During the course of the project participants addressed a broad spectrum of issues which can be summarised in two main questions for the future of Facilities Management in Europe: How can we create the relationships amongst users, managers and providers to ensure that full value is achieved, organisations are transformed and benefits realised for all stakeholders?; How can organisations find the appropriate balance of facilities that enable opportunities for wealth creation provided by globalisation and technology whilst respecting the needs of people and the planet? Usability and sustainability were used as the dimensions of a matrix around which four scenarios will be developed. At this stage the scenarios are named according to the World Economic Forum’s scenarios – The Race, Collaborative Leap, Aspirational Communities and Zero-sum Game. The four scenarios will be further developed in follow-up workshops to be organised in the next phase of the project. Implications for education, practice and research The EuroFM FM Futures research project provides the basis to develop a programme to advance knowledge in facilities management and its effective application in practice, education and research, st relevant to the conditions and needs of the 21 century. The role of education and research in developing the knowledge, systems and skills needed for an unpredictable future is paramount. The inter-relationship amongst practising managers, researchers and educators is the hallmark of EuroFM activity. Although the Facilities Management Futures project emerged from the needs of researchers to understand organisational issues and trends to which FM must contribute and respond, it is a vital component of the future programme across all network groups and should be central to EuroFM future strategies. FACILITIES MANAGEMENT: THE NEXT GENERATION Reflections ‘The more difficult the economic climate, the greater the imperative to have systems which provide the organisation with customer focus, the ability to differentiate itself through innovation, and the processes to manage scarce resources’ As the project was in its concluding stages, the crisis in confidence in the world’s financial systems was beginning to emerge. Although none of the Futures Workshops had identified this as a possibility, its’ devastating overall impact and the consequences for Facilities Management practice in Europe highlight the need to be prepared for the unexpected and to plan for future uncertainty. The back casting exercise provided an opportunity of reflecting on the short history of Facilities Management, charting its development and evolution. 1970s 1G 1980s 2G 1990s 3G 2000s 4G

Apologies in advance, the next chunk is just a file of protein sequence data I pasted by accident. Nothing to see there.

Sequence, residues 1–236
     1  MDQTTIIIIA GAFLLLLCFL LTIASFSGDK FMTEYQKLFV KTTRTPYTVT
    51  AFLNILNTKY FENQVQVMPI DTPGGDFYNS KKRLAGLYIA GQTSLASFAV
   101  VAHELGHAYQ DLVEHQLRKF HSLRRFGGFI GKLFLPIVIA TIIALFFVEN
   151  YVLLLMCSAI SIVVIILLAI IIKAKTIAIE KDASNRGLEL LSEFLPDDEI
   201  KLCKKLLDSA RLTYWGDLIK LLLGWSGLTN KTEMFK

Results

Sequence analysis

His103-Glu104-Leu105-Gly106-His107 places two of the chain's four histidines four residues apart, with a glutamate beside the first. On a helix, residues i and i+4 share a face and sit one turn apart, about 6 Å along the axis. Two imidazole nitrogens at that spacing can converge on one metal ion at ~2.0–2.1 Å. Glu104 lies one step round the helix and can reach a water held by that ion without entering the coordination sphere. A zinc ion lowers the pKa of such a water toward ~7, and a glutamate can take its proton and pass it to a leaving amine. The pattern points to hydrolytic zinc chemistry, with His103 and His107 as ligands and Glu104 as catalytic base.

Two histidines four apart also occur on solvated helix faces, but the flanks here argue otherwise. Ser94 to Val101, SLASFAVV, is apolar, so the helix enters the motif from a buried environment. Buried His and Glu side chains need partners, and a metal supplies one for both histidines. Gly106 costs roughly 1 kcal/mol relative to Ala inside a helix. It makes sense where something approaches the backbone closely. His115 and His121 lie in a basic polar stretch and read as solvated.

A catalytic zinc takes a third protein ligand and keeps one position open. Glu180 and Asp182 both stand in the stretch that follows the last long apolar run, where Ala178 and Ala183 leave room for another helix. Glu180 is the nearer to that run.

Managed services, outsourcing total facilities management, CAFM Quality management, management agency benchmarking, FM processes , FIMS Partnering, re-engineering processes, knowledge management product innovation, sustainable facilities management Business processes, open innovation, usability service excellence, transformational outsourcing,